When performing improv we experience, to varying degrees, the “pull” of the drama we are actively co-creating—the scene develops an internal logic that, both through our habits and our training, shapes, but does not dictate, what choices we make in the moment. To a greater extent than does the operation of our consciousness in everyday life, the emerging scene impels us to adjust continually to the unexpected. Such present-centered awareness is itself a form of discovery—we often experience our choices as coming into being from an unknown (or unfamiliar) source within ourselves and are often surprised at what we ourselves say, feel or do in the moment. Whether we welcome or resist these spontaneous choices, we can come to learn something new from their occurrence. This is discovery!

Improv-Induced Discovery in Therapy

As a therapy which utilizes client-performed improv, RfG also facilitates such discoveries, with the added benefit that the therapist can focus the designing and choosing of enactments upon issues and processes which have already been identified (both by therapist and clients) as fertile ones for making discoveries in. In particular, Proxy scenes[i] (Wiener, 2016) are a class of therapist-constructed enactments offered clients to explore, experiment with, or practice change. Such scenes are designed by therapists for clients to try out non-habitual and unfamiliar role choices (for individuals) as well as to explore unfamiliar patterns of interaction between clients (for both individuals and client relationship systems). Most often, a Proxy scene is devised to address the removal of a previously-identified constraint that would be more difficult to change were clients to remain in their familiar social roles.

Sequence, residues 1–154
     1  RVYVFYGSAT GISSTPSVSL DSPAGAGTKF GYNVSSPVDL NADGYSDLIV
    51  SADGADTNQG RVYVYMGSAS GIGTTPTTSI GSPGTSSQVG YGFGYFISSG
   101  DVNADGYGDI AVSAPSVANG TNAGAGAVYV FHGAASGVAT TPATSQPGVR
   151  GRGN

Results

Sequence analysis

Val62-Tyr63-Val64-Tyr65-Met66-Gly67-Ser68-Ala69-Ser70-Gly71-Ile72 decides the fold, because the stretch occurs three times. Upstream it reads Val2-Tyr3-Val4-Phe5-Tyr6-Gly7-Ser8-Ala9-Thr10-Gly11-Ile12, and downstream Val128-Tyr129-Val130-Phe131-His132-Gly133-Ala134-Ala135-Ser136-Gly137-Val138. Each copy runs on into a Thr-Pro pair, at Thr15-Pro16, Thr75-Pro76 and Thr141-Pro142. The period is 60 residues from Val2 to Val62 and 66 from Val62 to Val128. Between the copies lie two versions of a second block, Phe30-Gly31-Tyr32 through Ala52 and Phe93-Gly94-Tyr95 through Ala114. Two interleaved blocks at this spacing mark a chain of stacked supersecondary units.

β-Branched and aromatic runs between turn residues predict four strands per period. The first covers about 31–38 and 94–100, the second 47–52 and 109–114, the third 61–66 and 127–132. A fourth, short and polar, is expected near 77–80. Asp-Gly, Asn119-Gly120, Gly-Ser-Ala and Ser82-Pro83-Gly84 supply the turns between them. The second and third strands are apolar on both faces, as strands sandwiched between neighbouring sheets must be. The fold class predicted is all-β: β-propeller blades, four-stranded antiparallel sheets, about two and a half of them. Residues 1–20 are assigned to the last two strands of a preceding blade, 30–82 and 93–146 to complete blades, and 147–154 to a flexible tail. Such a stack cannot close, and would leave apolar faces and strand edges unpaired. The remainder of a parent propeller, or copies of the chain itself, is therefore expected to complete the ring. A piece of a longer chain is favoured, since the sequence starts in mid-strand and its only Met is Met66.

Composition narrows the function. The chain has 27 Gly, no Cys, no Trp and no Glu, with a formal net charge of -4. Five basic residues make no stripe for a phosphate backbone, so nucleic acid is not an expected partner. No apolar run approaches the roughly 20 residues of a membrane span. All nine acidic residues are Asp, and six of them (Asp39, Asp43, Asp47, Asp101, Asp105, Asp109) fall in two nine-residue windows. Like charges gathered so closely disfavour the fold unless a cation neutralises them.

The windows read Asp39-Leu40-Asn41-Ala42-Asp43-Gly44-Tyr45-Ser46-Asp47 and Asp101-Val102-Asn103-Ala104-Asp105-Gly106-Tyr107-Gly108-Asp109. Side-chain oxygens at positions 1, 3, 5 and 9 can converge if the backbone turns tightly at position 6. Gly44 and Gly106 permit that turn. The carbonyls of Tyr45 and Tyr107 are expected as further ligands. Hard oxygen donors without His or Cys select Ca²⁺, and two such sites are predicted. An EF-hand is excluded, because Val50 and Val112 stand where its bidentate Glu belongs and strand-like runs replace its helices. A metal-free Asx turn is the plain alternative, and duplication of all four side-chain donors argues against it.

A further aid to making personal discoveries in therapeutic improv is that we may verbally process these discoveries immediately following the enactment (when we have returned from being players/actors to our social selves, returning both in space and time to the role of spectators). With the memories of our performances still fresh, we may then recount both our on-stage experiences and contrast these with our habitual, real-life behaviors. RfG therapists are also trained to conduct such Post-Enactment Processing (PEP) in a manner that connects stage experience to therapeutic issues.

Reference

Wiener, D. J. (2016). Removing personal constraints via proxy scene enactment. Drama Therapy Review. 2, (2), 183-193.

[i] a term replacing the older “Displacement scenes”